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Low-Profile Race Offers Voters a Clear Philosophical Choice

Republican Curt Pringle and Democrat Phil Angelides differ widely on approaches to investment and raising funds for public works.


California voters may have strong opinions on abortion and capital punishment, but they aren't focused much on who invests the state's money, including $230 billion in employee pension funds.

Phil Angelides, a former state Democratic Party chairman, has raised $3 million to tell voters why they should care about who becomes the next state treasurer--and why they should vote for him instead of his Republican rival, Assemblyman Curt Pringle.

The race between the two political veterans is neck-and-neck, according to statewide polls, including a Times poll last month. But 40% of those most likely to vote still haven't made up their minds, the polls show.

The two candidates differ markedly on several major issues as to where investments are made and how best to raise funds to build schools, rebuild roads and make other major public improvements.

This week, Angelides will start spending $1 million on a television advertising campaign in Northern California and San Diego to tout his run for office. The ads will hit the rest of Southern California the following week.

Pringle collected nearly $2 million through the end of September. He said his campaign plans to hit the airwaves later this month.

This year's race for treasurer is lagging behind even the usual disinterest. The sex scandal involving President Clinton "froze everything for a month," said Tony Quinn, a Sacramento political consultant for Republicans. "People will probably decide late on what to do with this race."

Up to now, the treasurer's race has had such a low profile that Pringle suspended campaigning during the last two weeks of August to complete his final state budget duties as a legislator.

Despite the late start, Californians have a clear choice on Nov. 3 in what philosophies and strengths the two major candidates carry.

Pringle, 39, of Garden Grove, ran the family drapery business in Anaheim before being elected to the Assembly in 1988. He is a conservative who believes state investment decisions should be based only on the bottom line. Any other reason is an unwanted intrusion of social policy, he said, citing the state's divestment of South Africa holdings in 1986 because of that country's racist policy of apartheid, which has since been abolished.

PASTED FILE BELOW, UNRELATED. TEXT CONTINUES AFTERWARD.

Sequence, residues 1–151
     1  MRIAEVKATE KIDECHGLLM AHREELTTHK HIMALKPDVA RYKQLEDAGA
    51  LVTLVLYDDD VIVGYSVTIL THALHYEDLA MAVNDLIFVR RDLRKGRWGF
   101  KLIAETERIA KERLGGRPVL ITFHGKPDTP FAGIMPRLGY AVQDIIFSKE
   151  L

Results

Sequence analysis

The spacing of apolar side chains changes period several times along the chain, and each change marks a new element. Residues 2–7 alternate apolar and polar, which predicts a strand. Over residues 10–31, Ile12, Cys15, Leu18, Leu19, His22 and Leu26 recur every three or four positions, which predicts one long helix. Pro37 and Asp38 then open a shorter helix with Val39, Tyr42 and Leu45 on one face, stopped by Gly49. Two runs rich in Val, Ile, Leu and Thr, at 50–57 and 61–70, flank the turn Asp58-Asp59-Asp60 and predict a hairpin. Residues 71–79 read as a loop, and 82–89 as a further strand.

He told delegates at the state Republican convention last weekend that his greatest qualification for election is that he is a conservative.

"The No. 1 responsibility of the state's fiduciary position is to get the highest and safest returns," Pringle said. "The office should be trusted to someone who will be a steward of taxpayer money."

Angelides, 45, a Sacramento developer who served as the state's housing administrator under former Gov. Edmund G. "Jerry" Brown Jr., believes California is obligated to use its money for public investments in building schools and rebuilding roads. He has proposed cataloging the state's capital needs, putting price tags on them and letting voters decide which should be funded.

He supports shunning unpopular investments in such fields as the tobacco industry. He wants to boost state pension fund investments in California businesses from 10% of the fund to 15% or more--a concept Pringle supports, though he opposes setting "an arbitrary threshold."

"A good fiduciary says, are there better places to put our money that have [the same] safety and yield" as existing investments, Angelides said. "I want to be someone who manages the finances of our state well and does it in a way that builds our economy."

There are some areas where the two agree. Among them is that the treasurer's office, though largely powerless to do more than lobby the Legislature, should prepare a list of the state's most pressing capital needs over the next decade.

The California Business Roundtable estimates that the state should invest $90 billion over the next 10 years for needed work on streets, bridges and public buildings, devoting up to $25 billion of that amount to transportation improvements.

But the Roundtable figures the state will be able to budget only $54 billion for improvements over the next decade.

The state Department of Finance comes up with slightly different numbers, but still sees a $29-billion shortfall in the amount needed.

How to cover that shortfall is one issue that separates the candidates. Angelides supports selling general obligation bonds, while Pringle is more cautious about issuing additional state debt.

Pringle, for instance, opposes Proposition 1A, which would authorize $9.2 billion in bonds to pay for new schools. He said it would nearly double the current debt load.

But Angelides said the investment is critical for the state's future, and he supports the proposition, which is on the Nov. 3 ballot.

"There are a variety of areas where long-term debt is necessary," Pringle said, "but you can't sell $9.2 billion in bonds all at once."

Differences on School Bonds

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